TORONTO – Expectant mommies using pregnancy as a ticket to eat for two may be reluctant to do so now after a new study suggests that giving in to junk food binges could be hurting their quickly developing babies.
Australian researchers say that pregnant moms who feast on meals packed with fat, salt and sugar are creating unhealthy habits in their unborn babies.
These babies are born with an innate craving for junk food and are desensitized to the chemical reactions of fat, sugar and salt so they’ll eat more to reap the “feel good” response, the University of Adelaide report suggests.
That might be enough for expectant moms to ignore those pregnancy cravings. Global News looks at the study findings and the verdict from Canadian experts.
The study’s findings:
In the study, Australian researchers studied two groups of rat pups – one group was fed normal rat food while the other group dined on a range of human junk food during the pregnancy and lactation stages.
After the babies were weaned off their mother’s milk, they were given daily injections of an opioid receptor blocker, which blocks opioid signaling. Our bodies release these addictive chemicals after eating foods that are high in fat and sugar, but blocking the opioid signaling would stop this release.
Turns out, the pups feeding off of their mom’s junk food diet weren’t as responsive to the injection, so their brain signalling to release dopamine wasn’t as sensitive. The researchers suggest that these pups born with a weaker opioid reaction could need to eat more junk food to reach that feel-good chemical response.
Ultimately, moms’ eating habits while their babies are forming could help determine how babies taste and how sensitive they are to certain ingredients, the researchers conclude.
Sound bite: “This study shows that addition to junk food is true addiction,” Dr. Gerald Weissman, editor in chief of the FASEB journal, said in a statement. “Junk food engages the same body chemistry as opium, morphine and heroin. Sad to say, junk food during pregnancy turns the kids into junk food junkies.”
Canadian experts weigh in:
Canadian doctors agreed with the study, suggesting that it adds to a library of research linking maternal eating habits to babies’ health outcomes.
“It makes perfect sense. The evidence is mounting,” said Dr. Michelle Mottola, director of the Exercise and Pregnancy Lab at the University of Western in London, Ont.
“What a mother does during pregnancy has a huge impact on her offspring later in life.”
She said that an expectant mom’s diet determines what her baby uses to develop in the womb. If it’s more sugar, the baby responds by secreting more insulin, which promotes growth. In turn, studies have shown that moms on sugar-laden diets have plumper babies.
“The baby can be born at risk for diabetes later in life because of what the baby was being fed from the mother,” Mottola explained.
Dr. Rena Mendelson, a nutrition professor at Ryerson University with more than 40 years of experience in the field, says that the medical community used to believe that the placenta would filter out any unnecessary nutrients. Now they know that’s not the case.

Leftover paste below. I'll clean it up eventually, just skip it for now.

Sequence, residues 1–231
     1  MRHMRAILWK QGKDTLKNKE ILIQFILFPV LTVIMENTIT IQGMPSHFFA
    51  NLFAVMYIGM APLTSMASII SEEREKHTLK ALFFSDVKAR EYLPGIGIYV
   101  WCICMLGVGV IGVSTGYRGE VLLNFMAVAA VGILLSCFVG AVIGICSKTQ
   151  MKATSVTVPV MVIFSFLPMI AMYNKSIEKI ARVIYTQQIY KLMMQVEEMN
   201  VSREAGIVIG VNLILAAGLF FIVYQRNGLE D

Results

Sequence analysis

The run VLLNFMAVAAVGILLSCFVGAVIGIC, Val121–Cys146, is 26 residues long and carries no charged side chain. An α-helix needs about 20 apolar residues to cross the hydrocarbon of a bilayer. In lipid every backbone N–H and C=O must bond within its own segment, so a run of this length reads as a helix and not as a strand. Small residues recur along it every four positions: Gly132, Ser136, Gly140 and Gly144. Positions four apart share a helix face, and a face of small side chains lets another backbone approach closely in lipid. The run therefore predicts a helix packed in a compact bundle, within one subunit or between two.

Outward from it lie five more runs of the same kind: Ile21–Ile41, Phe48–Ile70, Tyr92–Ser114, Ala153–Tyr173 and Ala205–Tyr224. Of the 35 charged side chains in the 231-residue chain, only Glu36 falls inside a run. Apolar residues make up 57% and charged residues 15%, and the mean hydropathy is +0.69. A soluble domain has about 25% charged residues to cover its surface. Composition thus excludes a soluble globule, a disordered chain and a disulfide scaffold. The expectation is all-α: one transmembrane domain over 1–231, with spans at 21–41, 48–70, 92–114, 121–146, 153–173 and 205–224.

“Anything that goes into the mother’s diet – even before pregnancy – can influence fetal development. It’s released into body fat, ends up in the blood stream and that travels through the placenta and into the fetus,” Mendelson said.
What a mother eats is so intertwined to her baby’s health that it’s been linked to her baby’s likelihood of dealing with chronic disease – obesity, hypertension, metabolic syndrome and diabetes, to name a few conditions moms could be leaving their babies predisposed to when they grow up.
What babies dine on while in the womb also sets the tone for what they’ll crave once they’re born.
“We know that diet during pregnancy is very influential in terms of development for flavor preferences, for sweet, fat, salt,” Mendelson told Global News.
Other studies mirroring feeding pregnant mice different diets showed that babies that developed in the womb on cafeteria diets were more likely to prefer high fat and sugar intakes than those fed standard fare.
What women should be eating while expecting
With these findings in mind, women shouldn’t accept a conventional notion that pregnancy equates to letting go, and eating what they want and as much as they want for several months, the experts warn.
“There is risk that women use pregnancy to eat foods that are just calories, knowing that they are gaining weight. But in reality, during pregnancy, you’re not really eating for two,” Mendelson said.
A tiny fetus doesn’t need more than an extra apple and a yogurt in a day, for example, Mottola told Global News. And that’s only in the second and third stages of pregnancy.
Moms should still adhere to watching their intake of processed foods and empty calories. Mottola says these healthy eating habits should be established even before pregnancy.
Women with normal weight should be putting on around 25 to 35 pounds in pregnancy. These days, some women gain nearly 60 pounds. That could put them at risk of obesity and diabetes.
“What many women are thinking is that they can put up their feet and rest and I think that’s one of the worst things they can do,” Mottola said.
Read Health Canada’s guidelines on pregnancy weight gain here.
And watch UWO’s Make A Difference video shedding light on preventing childhood obesity as early as during pregnancy here: